HON. CEEJAY B. BORREO/SK FED.PRE.
Secretary to the SB:
MARINITA B. DELA CRUZ
Department Heads/Chiefs of Offices:
RUTH A. BAGO-ACCTG OFFICE
ENGR. REYMOND B. DOMINGO,EnP.-MPDC
ENGR. KEN ANTHONY B. BORREO-MEO
CHRISTIAN JUNE N. DAGASDAS-MDRRMO
MARILENE W. TOLENTINO-MBO
JESEBEL M. AGLUBO-MTO
WYNONA T. ANGELES-ASSESSOR
MA. EDWINA L. MIRANDA-MSWDO
MINA S. DICEN-OIC-MAO
DR. LANI VERONICA M. CEBEDO-MHO
MARY DIVINA L. FRANCISCO-TOURISM
JOSEPHINE I. BALIWAG-MCR
LEO A. AGUSTIN
Dionisio O. Geronimo
Froilan R. Tena
Ricardo I. Roxas
Ma. Cristina C. Dumaya
Amado R. Conchada
Luzviminda R. Tena
Arnold A. Balace
Anjo M. Sulita (SK Chairman)
Frederick B. Avellano (Brgy. Secretary)
Rachelle Ann G. Tena ( Brgy. Treasurer)
Magdalena N. Lazaro (Admin Clerk)
Barangay Butas na Bato
ROY S. FRANCISCO
Rodrigo D. Sabado
Pepito Leo L. Callanta
Felomina L. Antalan
William H. Catubay
Ryan R. Salvador
Angelo A. Cruz
Luzabelle J. Decena
Crystal P. Damdamun (SK Chairman)
Marietta V. Tibor (Brgy. Secretary)
Charito P. Herminigildo (Brgy. Treasurer)
VICTOR E. MANEJA
Genaro T. Gamatan
Margie F. Hermogenes
Jarwin R. Fabros
Wilfredo B. Dumaya
Rodolfo P. Canlapan
Jeremias J. Ordonez
Ricardo M. Sambajon
Eduardo Peran (IPMR)
Sherleen Mira S. Marinas (SK Chairman)
Angelita B. Ordonez (Brgy. Secretariat)
Myla B. Pajarillo (Brgy. Treasurer)
Lorna L. Mariano (Admin Clerk)
ABNER D. NARCISO
Artemio P. Delos Pobres
Catalino M. Walican
Dulce Amor N. Yu
Teodora A. Benemerito
Marcelina Q. Permanes
Ricardo M. Llana
Reynaldo E. Gatchalian
Harold M. Madrid (SK Chairman)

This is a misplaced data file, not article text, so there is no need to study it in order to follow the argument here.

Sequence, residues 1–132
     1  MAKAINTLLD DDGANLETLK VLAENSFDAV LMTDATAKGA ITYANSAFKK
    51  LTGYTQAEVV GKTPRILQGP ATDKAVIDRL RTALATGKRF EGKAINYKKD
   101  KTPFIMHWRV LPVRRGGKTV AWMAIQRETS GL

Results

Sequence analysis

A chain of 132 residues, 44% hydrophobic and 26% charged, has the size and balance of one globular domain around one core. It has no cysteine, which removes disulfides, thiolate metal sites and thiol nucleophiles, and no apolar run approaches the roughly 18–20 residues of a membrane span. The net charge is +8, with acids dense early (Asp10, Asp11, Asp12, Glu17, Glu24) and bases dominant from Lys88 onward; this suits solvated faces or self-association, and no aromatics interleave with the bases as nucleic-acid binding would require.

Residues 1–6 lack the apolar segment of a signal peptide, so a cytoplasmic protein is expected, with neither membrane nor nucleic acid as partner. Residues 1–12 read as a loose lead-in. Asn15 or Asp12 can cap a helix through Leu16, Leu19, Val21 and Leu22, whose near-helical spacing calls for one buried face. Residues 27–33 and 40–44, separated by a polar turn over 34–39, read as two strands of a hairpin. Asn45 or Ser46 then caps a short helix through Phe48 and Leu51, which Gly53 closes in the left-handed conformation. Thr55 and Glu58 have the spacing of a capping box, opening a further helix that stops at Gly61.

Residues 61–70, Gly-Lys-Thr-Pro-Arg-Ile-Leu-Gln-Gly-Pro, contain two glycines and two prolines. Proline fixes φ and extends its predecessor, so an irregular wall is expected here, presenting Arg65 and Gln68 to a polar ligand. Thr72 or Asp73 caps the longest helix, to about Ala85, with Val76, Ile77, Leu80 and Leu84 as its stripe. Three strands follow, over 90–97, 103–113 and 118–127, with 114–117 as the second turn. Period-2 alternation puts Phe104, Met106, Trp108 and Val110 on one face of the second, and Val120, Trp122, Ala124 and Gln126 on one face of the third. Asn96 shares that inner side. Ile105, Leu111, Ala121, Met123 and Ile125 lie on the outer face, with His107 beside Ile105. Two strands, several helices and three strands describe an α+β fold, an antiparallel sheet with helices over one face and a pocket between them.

Victoria B. Hiteroza (Brgy. Secretary)
Victoria B. Hiteroza (Brgy. Secretary)
Loida M. Pajarillo (Brgy. Treasurer)
RICHARD F. BELARDO
Allan B. Ritual
Marjuna R. Francia
Naneth DC. Jovellano
Meneriza R. Belardo
Jennifer B. Sindac
Shirly T. Luna
Bernardino DG. Dela Cruz
Anjeline Q. Penilla (SK Chairman)
Teresa C. Romantico (Brgy. Secretary)
Larry B. Jimenez (Brgy. Treasurer)
RICARDO B. BALALA JR.
Rowell C. Cabiao
Nicanor B. Andrada
Joel D. Organa
Manuel G. Corpuz
Dante R. Roque
Rosendo L. Rebudal
Marcelo A. Villanueva
Joseph M. Rasco (SK Chairman)
Leandro M. Padilla (Brgy. Secretary)
Arthur A. Balbin (Brgy. Treasurer)
Therry Jordan Omayama (Admin Clerk)
DANILO V. BUENAFLOR
Erwin V. Hidalgo
Pedro F. Pineda
Manuel P. Zamora Sr.
Francisco L. Ruiz Jr.
Judith D. Dionisio
Sabina DC. Tuscano
Amado P. Santos
Jornie D. Mendoza ( Mandatory Representative)
Cee Jay B. Borreo (SK Chairman)
Angelito J. Verceles (Brgy. Treasurer)
Bernadetted V. Alcantara (Brgy. Secretary)
CARLOS S. CAJUCOM
Garry B. Esquivel
Arvin O. Almirez
Jerry A. Lopez
Jerome S. Romantico
Warlito A. Pujeda
Jospeh B. Tabilas
Lilia D. De Guzman
Gerald N. Alemania (SK Chairman)
Lerma C. Bautista (Brgy. Secretary)
Helen S. Ladrido (Brgy. Treasurer)
Domingo Z. Israel (Admin. Clerk)
GODOFREDO L. TADEJA JR.
Higenio A. De Guia
Ismael G. Gupit Jr.
Marsha D. Novilla
Augine R. Pangilinan
Freddie Boy Pineda
Arnel G. Pangilinan
Jovene Mike B. Alpuerto (SK Chairman)
Joemelle R. Revellame (Brgy. Secretary)
Tolentino R. Domingo (Brgy. Treasurer)
Lenette R. Barros (Administrative Clerk)
Tirso B. Castillo
Danilo V. Lomboy
Joey M. Royales
Roy G. Borromeo
Ronald C. Pilapil
Eduardo D. Navalta
Ely P. Dumaya
Modesto V. Malaca
Kenneth Dela Cruz (SK Chairman)
Estelita T. Aldave (Brgy. Treasurer)
Raymart T. Pajaganas (Brgy. Secretary)
Raymart T. Pajaganas (Brgy. Secretary)
Juanito R. Borreo
Daniel R. Ortillano
Arnel C. Padua
Gary V. Bartolome
Oliver V. Vivero
Emmanuel V. Cabate
Walter G. Marquez
Tonery G. Corpuz
Liza M. Dandan (Brgy. Secretary)
Elmer Jintalan (Brgy. Treasurer)
Francisco C. Rivera (Administrative Clerk)
|Mailing Address||Baler Street, Barangay Poblacion, Dingalan, Aurora|
|Email Address||[email protected]|
|Social Media||https://www.facebook.com/Shierwin-Taay-772654126137004/, https://www.facebook.com/DingalanNews/|